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Grief

How do Victorian Era attitudes towards death and grief differ from our own? In what ways is grief a universal human experience that transcends time, place, and culture? Explore this key theme through Elizabeth Barrett Browning’s poem ‘Grief’ (1844).

Grief’ by Elizabeth

Published in

1844

Written by

Elizabeth Barrett Browning

Form/style

Petrarchan sonnet

Meter

Iambic pentameter

Rhyme scheme

ABBA ABBA CDECDE

Poetic devices

Simile and synonyms

Frequently noted imagery

Death, the celestial, stone, barrenness

Tone

Informative and authoritative

Key themes

Grief and death

The context of Grief

Here, we will be considering the biographical, historical, and literary contexts of the poem.

Biographical context

The poet, at the time of writing, was familiar with grief. When she was twenty, Elizabeth Barrett Browning mourned the death of her mother with her ten siblings and their father. Then, in 1840, she lost two of her brothers, Samuel and Edward, within mere months of one another.

Her brother Samuel had been sent to help run their father’s plantations in Jamaica. He succumbed to a fever in February 1840. Her brother Edward died in a sailing accident in Torquay in July. Barrett Browning is reported to have felt a sense of survivor’s guilt regarding the death of Edward. She suffered from lung issues, and her brother accompanied her to the seaside town so she could benefit from the clean air. Among her many siblings, the two were very close, and she nicknamed him ‘bro’. After his death, she returned to Wimpole Street in London and became reclusive, barely leaving her room.

This poem, published in 1844, is widely believed to have been written shortly after her beloved brother Edward’s death.

Historical context

Elizabeth Barrett Browning was a poet of the Victorian era. There was a much higher mortality rate in this time period than in modern times, and the literature of the Victorian era is known for its focus on death and grief.

Referred to by some as a ‘cult of death’, the Victorians were interested in the process of dying, death, and grief. Grieving friends, spouses, and relations often kept mementoes, such as hair clippings, and had photographs taken of fresh corpses in lifelike poses.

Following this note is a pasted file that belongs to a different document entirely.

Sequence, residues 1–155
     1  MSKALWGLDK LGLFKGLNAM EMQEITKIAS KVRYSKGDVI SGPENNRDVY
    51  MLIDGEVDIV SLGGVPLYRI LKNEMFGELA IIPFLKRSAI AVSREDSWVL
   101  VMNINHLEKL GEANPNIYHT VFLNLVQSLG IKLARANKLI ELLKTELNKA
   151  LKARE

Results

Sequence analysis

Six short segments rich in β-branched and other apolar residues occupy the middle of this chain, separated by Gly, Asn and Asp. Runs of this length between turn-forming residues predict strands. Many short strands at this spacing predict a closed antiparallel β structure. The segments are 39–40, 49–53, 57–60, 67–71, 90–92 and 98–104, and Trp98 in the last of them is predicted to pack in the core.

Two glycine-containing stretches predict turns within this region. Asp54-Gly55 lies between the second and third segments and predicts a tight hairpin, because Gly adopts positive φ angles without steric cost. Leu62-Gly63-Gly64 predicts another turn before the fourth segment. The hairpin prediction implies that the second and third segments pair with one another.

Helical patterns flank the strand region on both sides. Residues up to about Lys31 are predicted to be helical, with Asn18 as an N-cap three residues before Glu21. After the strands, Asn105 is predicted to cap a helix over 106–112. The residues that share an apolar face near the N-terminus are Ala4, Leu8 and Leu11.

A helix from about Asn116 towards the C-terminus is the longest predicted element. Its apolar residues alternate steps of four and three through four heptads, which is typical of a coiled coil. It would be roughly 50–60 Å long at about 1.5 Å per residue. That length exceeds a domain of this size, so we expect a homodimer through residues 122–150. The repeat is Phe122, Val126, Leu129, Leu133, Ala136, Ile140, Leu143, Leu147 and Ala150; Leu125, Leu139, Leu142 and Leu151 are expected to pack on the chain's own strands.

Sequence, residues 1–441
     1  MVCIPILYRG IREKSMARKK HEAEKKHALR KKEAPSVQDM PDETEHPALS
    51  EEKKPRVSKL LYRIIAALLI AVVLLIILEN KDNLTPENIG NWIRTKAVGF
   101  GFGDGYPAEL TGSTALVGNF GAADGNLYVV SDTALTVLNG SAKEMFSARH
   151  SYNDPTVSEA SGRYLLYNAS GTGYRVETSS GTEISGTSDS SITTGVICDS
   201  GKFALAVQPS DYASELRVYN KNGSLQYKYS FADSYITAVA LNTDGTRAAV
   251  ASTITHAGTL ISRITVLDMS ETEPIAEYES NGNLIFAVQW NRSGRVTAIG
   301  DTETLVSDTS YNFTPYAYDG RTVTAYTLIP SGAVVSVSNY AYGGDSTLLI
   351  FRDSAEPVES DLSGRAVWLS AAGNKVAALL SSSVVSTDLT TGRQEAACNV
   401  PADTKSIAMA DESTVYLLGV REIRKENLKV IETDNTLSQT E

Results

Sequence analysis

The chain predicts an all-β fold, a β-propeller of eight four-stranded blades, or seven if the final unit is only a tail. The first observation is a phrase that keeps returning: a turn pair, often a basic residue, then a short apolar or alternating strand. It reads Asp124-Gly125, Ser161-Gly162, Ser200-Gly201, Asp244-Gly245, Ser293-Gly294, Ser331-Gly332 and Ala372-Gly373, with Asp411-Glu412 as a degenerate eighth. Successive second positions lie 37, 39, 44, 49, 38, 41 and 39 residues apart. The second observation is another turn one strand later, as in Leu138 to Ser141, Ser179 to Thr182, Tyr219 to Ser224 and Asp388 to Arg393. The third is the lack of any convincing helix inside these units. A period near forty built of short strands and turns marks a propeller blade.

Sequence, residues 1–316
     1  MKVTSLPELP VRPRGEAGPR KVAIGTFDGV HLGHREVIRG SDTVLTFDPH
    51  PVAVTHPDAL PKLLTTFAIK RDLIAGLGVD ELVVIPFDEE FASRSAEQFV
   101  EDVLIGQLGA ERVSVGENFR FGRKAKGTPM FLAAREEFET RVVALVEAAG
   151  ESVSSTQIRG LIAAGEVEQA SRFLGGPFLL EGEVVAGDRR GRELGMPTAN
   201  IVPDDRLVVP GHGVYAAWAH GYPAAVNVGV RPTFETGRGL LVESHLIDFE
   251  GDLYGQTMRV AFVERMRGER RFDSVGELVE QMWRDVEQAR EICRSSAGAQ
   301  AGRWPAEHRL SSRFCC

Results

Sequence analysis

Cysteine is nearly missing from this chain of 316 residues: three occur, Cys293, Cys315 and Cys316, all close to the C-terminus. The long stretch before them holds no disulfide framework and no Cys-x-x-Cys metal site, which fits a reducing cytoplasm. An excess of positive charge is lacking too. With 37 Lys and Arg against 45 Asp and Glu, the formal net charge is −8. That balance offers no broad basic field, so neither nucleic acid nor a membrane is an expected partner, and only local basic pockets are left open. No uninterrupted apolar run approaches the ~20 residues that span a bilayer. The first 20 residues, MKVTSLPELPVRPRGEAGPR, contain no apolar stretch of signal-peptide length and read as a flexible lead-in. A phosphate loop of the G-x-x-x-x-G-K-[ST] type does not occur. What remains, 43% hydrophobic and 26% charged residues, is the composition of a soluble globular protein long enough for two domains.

Literary context

Elizabeth Barrett Browning (18061861) lived during the time of the Romantic literary movement as well as the Victorian era (18371901). However, her poetry can be interpreted as belonging to the Romantic period (17851832).

Poetry is the spontaneous overflow of powerful feelings: it takes its origin from emotion recollected in tranquility (William Wordsworth, Preface to Lyrical Ballads, 1801).

Widely considered one of the founders of Romanticism, William Wordsworth defined poetry in this way. In ‘Grief’, the speaker of the poem appears to be reflecting, in an informative manner, upon the nature of the raw emotion of grief.

How else do you think ‘Grief’ (1844) fits with Wordsworth’s thoughts about poetry?

Features of Romanticism in Grief

Features

Supporting quotations

Explanations

The exploration and expression of emotion and feeling.

shrieking and reproach

Deep-hearted man, express Grief for thy dead in silence like to death

The poet contrasts the different stages and expressions of grief.

The sublime, use of the imagination to convey intangible concepts.1

Full desertness,

In souls as countries

The poet explores the nature of the human soul.

A melancholy mood.

In everlasting watch and moveless woe.

In keeping with the key themes of the poem, death and grief, the mood is melancholy.

The supernatural/celestial.

Under the blanching, vertical eye-glare

Of the absolute heavens.

Beat upward to God’s throne

In dealing with the theme of death and grief, Browning makes reference to the Christian God and his residence.

Analysis of Grief

After reading the poem, try to unpack the various layers of meaning by examining its themes as well as its form and structure.

The poem

I tell you, hopeless grief is passionless;

That only men incredulous of despair,

Half-taught in anguish, through the midnight air

Beat upward to God’s throne in loud access

Of shrieking and reproach. Full desertness,

In souls as countries, lieth silent-bare

Under the blanching, vertical eye-glare

Of the absolute heavens. Deep-hearted man, express

Grief for thy dead in silence like to death—

Most like a monumental statue set

In everlasting watch and moveless woe

Till itself crumble to the dust beneath.

Touch it; the marble eyelids are not wet:

If it could weep, it could arise and go.

GriefLiterary and poetic devices